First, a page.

According to the American Sleep Apnea Association, about 22 million Americans have sleep apnea and about 80 percent of those cases are undiagnosed. Sleep apnea is an involuntary sleep disorder in which breathing repeatedly stops and starts.
Sleep apnea can occur when tissue in the back of the throat blocks the airway. If the airway is blocked, the amount of oxygen delivered to the body’s organs is reduced. When blood-oxygen levels drop low enough, the body wakes itself up. Sometimes it happens so fast that it goes unnoticed to the sleeper. People with sleep apnea can stop breathing hundreds of times during the night and often for a minute or longer.
Sleep apnea can have serious and life-shortening consequences if it is not treated. These include high blood pressure, heart disease, stroke, memory problems, diabetes and depression.
Symptoms of sleep apnea:
- loud snoring
- persistent daytime sleepiness
- awakening out of breath during the night
- frequently waking in the morning with a dry mouth or a headache
The most widely used treatment for sleep apnea is a Continuous Positive Airway Pressure (CPAP) machine. The CPAP has a mask that goes over the nose, or sometimes nose and mouth, during sleep and supplies pressurized air that flows into the person’s throat. The increased air pressure keeps the airway open. Sometimes people still struggle with sleep apnea even after they use a CPAP. In those cases, surgery may be needed.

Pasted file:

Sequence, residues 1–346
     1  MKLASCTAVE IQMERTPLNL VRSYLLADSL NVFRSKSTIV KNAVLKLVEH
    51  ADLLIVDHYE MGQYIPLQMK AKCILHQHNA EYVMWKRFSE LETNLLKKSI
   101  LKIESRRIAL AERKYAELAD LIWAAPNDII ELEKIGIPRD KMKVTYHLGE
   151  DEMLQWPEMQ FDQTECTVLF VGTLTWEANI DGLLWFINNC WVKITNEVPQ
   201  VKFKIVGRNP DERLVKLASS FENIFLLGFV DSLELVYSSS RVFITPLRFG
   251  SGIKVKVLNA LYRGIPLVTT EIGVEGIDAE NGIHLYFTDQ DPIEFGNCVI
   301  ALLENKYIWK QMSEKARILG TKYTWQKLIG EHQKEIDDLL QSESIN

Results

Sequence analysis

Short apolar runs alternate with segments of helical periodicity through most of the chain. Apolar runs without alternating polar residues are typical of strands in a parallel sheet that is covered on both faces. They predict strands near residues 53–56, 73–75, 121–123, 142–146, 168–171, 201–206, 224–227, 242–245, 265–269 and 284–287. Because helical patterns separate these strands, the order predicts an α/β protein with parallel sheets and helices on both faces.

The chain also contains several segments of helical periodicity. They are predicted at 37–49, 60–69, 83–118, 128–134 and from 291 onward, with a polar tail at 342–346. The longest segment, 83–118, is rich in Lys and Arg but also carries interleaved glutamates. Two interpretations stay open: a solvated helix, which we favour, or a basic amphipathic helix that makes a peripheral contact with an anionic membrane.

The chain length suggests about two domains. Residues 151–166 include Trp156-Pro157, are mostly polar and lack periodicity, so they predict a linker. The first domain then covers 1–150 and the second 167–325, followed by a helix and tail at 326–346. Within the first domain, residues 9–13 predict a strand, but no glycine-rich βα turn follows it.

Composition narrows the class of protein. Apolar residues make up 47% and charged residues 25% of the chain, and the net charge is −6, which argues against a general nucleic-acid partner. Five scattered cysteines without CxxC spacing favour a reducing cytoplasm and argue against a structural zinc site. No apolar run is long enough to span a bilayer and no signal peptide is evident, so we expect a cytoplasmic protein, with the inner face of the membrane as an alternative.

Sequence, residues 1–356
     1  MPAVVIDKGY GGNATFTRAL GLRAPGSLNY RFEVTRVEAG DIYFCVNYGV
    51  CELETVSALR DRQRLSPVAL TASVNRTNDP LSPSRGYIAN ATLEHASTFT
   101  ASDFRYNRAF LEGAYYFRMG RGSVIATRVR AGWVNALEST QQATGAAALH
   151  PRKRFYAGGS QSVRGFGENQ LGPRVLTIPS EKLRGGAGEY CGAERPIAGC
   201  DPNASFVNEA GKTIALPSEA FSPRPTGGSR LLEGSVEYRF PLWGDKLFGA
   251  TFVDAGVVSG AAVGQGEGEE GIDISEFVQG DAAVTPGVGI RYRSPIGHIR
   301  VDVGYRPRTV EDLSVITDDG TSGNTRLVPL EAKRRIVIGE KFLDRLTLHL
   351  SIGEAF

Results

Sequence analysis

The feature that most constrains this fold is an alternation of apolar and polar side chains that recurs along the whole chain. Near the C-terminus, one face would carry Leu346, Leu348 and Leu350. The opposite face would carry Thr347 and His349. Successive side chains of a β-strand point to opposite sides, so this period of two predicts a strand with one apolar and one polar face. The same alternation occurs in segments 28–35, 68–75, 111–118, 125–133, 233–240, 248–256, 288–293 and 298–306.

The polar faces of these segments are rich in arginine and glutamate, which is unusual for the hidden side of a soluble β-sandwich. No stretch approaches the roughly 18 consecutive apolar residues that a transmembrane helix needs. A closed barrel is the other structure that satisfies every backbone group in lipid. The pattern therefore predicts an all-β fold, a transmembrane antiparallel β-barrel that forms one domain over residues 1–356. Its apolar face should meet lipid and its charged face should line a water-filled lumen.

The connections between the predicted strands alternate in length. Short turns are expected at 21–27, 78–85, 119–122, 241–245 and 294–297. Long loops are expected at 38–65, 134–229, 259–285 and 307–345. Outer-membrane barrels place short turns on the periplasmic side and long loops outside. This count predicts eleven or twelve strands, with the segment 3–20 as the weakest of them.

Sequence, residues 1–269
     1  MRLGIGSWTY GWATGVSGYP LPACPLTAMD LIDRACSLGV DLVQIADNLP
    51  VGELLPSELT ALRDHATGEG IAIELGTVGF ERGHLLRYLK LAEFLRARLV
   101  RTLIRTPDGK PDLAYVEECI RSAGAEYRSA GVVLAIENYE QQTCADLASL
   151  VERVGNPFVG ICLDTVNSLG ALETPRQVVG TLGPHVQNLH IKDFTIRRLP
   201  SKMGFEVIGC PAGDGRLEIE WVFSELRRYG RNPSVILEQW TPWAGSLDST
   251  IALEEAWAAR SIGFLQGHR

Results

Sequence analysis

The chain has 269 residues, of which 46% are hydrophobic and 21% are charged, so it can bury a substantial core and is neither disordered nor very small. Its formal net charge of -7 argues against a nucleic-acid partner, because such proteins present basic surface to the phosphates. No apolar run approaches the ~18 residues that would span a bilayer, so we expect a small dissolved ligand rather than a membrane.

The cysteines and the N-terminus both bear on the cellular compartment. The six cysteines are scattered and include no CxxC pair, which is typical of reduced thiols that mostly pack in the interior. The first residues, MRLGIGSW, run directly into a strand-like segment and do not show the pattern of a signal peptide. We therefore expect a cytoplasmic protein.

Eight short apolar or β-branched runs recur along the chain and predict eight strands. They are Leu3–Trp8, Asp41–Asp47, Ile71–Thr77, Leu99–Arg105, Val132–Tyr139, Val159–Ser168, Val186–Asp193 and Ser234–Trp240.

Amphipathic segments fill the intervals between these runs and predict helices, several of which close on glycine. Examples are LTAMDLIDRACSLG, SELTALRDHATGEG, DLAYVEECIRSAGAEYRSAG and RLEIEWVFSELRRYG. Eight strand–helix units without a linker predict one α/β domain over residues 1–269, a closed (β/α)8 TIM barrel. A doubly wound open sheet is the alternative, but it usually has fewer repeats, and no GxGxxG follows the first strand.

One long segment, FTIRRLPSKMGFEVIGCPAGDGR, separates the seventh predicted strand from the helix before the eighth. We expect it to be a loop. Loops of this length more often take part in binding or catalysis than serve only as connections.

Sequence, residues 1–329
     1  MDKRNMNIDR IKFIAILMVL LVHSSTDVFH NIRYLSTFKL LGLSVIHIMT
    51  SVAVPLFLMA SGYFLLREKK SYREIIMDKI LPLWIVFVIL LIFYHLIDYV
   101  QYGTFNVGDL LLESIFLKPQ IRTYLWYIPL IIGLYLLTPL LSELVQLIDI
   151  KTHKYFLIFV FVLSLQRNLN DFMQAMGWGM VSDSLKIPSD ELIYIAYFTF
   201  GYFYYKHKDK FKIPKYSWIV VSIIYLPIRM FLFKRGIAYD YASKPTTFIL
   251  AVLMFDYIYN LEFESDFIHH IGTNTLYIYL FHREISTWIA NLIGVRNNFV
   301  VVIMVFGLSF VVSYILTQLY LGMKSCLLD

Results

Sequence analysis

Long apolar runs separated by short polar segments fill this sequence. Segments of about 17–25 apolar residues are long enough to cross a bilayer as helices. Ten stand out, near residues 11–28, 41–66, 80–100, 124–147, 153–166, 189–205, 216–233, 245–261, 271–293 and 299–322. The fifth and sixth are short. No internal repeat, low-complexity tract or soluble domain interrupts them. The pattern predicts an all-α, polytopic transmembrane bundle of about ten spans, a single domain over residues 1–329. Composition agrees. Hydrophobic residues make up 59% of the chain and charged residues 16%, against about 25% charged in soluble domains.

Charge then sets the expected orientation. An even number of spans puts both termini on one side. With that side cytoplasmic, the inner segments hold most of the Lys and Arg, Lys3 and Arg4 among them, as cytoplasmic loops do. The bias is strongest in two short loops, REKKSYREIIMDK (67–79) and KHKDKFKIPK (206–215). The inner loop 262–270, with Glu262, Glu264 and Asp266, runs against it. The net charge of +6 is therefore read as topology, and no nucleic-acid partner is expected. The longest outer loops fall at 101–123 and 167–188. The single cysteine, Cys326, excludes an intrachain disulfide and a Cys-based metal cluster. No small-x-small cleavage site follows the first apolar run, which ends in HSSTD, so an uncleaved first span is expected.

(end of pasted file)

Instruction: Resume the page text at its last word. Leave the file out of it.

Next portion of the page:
Sleep apnea is sometimes caused by the back of the tongue or tonsils blocking the airway. In these cases, an uvulopalatopharyngoplasty (UVPPP) is required. UVPPP involves shortening the soft palate and removing the tonsils, and it has been the most common sleep apnea surgical procedure performed in the past 25 years. In addition, robotic-assisted resection of the base of tongue is a minimally invasive approach to remove obstructive tongue tissue blocking the airway. After this surgery, sleep apnea is often corrected. At Long Beach Memorial, the da Vinci Si Robotic Surgical System is used to remove redundant tongue tissue and is performed in conjunction with the UVPPP to help our patients get a good night’s rest.
In order to properly diagnose sleep apnea, a physician must conduct a sleep study in a sleep lab, usually overnight. A sleep study monitors activity during sleep such as measuring brain waves, heart rate and rhythm, breathing patterns and oxygen levels.
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